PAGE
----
McMillan comes out on top

Skipper Leigh McMillan with tactician Sarah Ayton, trimmer Peter Greenhalgh, headsail trimer Kinley Fowler and bowman Nasser Al Mashari. Picture: Mark Lloyd ' Lloyd Images Skipper Leigh McMillan with tactician Sarah Ayton, trimmer Peter Greenhalgh, headsail trimer Kinley Fowler and bowman Nasser Al Mashari. Picture: Mark Lloyd ' Lloyd Images

Skipper Leigh McMillan with tactician Sarah Ayton, trimmer Peter Greenhalgh, headsail trimer Kinley Fowler and bowman Nasser Al Mashari. Picture: Mark Lloyd ' Lloyd Images Skipper Leigh McMillan with tactician Sarah Ayton, trimmer Peter Greenhalgh, headsail trimer Kinley Fowler and bowman Nasser Al Mashari. Picture: Mark Lloyd ' Lloyd Images

Ocean Brothers at Beaulieu’s landmark 40th boating event

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It was a close run thing but local sailing star Leigh McMillan took the top spot in one of the tightest ever editions of the worldwide Extreme Sailing Series.

After no fewer than 33 races held over the August Bank Holiday weekend in Cardiff Bay, the Isle of Wight sailor won the regatta by a narrow five-point margin, aboard high-speed catamaran The Wave, Muscat.

McMillan, racing alongside his regular Warsash mainsheet trimmer Peter Greenhalgh, took two victories on the eight-race final day, to win his home UK event ahead of the always competitive Alinghi team, and Sir Ben Ainslie’s fast-improving JP Morgan BAR.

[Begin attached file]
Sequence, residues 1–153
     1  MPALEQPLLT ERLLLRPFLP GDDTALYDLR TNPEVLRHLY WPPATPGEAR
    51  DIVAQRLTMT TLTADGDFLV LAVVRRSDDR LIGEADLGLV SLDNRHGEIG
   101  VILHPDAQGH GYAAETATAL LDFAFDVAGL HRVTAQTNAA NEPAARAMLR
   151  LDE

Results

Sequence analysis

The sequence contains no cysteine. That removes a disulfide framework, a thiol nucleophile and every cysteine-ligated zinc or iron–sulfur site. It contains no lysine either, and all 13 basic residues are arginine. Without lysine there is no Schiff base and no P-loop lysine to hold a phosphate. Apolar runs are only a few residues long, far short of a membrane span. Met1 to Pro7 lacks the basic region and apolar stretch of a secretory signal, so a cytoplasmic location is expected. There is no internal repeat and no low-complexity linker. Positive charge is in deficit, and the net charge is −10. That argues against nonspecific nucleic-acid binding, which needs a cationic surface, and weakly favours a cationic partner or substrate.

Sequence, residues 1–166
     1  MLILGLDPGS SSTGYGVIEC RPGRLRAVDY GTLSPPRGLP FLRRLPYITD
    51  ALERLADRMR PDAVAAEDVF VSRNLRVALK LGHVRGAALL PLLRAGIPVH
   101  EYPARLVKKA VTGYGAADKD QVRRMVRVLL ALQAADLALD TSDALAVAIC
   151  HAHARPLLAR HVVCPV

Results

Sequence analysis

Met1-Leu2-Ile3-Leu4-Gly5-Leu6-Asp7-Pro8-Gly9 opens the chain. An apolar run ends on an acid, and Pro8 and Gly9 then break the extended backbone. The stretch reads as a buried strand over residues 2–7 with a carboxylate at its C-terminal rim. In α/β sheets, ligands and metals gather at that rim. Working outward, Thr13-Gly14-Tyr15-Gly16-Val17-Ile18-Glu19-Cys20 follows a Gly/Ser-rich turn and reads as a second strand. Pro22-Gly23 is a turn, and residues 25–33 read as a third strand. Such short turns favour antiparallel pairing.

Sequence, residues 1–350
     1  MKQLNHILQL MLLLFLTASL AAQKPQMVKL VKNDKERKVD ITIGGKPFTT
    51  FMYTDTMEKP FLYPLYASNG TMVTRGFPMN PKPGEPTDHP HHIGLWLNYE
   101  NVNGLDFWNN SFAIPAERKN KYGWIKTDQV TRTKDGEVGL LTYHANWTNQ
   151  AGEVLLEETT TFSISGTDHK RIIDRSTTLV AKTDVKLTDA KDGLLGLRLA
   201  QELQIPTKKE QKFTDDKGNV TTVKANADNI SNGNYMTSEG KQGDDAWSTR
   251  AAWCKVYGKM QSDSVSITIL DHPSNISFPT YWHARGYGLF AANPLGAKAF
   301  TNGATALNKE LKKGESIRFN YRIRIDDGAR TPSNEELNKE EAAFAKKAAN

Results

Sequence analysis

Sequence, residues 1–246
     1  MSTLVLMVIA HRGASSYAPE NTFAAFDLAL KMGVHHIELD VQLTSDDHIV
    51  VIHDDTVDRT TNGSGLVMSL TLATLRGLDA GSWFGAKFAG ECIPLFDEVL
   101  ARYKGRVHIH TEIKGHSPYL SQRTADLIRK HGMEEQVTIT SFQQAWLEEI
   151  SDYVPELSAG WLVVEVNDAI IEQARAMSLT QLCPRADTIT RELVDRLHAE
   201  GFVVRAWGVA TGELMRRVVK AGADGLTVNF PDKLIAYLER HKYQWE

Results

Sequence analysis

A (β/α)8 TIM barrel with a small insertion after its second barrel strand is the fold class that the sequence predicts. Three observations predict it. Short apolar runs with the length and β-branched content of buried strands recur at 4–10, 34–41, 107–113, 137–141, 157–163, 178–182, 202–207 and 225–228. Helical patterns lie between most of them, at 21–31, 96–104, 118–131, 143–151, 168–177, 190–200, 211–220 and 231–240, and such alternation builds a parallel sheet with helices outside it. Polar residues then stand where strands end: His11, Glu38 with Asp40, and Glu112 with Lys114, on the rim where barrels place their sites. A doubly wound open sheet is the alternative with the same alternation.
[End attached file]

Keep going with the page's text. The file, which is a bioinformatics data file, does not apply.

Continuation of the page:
‘We’re on track this season, there’s nothing more we can do that’s for sure,’ said McMillan, who is now just two points off the top of the overall leaderboard following earlier regattas in Singapore. Muscat, Qingdao and St Petersburg.

‘The competition is very tight and Alinghi have been really slick this year and have brought in some unbelievable performances.

‘To get one over on them here kind of brings it back down by a point and if we are going to keep pushing them hard, and they do the same to us, it’s going to go down to the crunch.’

Competition was hot in the 11-boat fleet, with the final and deciding race seeing a three-boat collision between the podium contenders, with Alinghi coming off worst.

‘We were waiting for Leigh (McMillan) to tack and he drove us right into the boats rounding the mark and boats started coming at us head first,’ said Alinghi’s Olympic champion tactician Anna Tunnicliffe of the decisive mark rounding in the final race.

‘We ended up above the mark so we couldn’t bear away and at the same time, Ben (Ainslie) was coming round into the side of us and it all turned into a mess. All three boats were tangled on each other.

‘It’s very frustrating but hopefully we can learn from our mistakes, we’re still on top which is good – the damage could have been worse.

‘We need to move on to Istanbul and refocus for that event.’

Ainslie’s JP Morgan BAR was on fire and threatening all day, posting a steady stream of consistent results and slowly chipping away at the leading pack to put itself in the running.

Despite just missing out on second place, Ainslie said he was satisfied with the final position of his team.

‘It has been a great improvement to see us on the podium and great to challenge with the top teams.

‘It’s a big step forwards and hopefully we can continue this for the rest of the Series.

‘We are looking forward to sailing with Paul Goodison in Istanbul and as we develop further in the event.’

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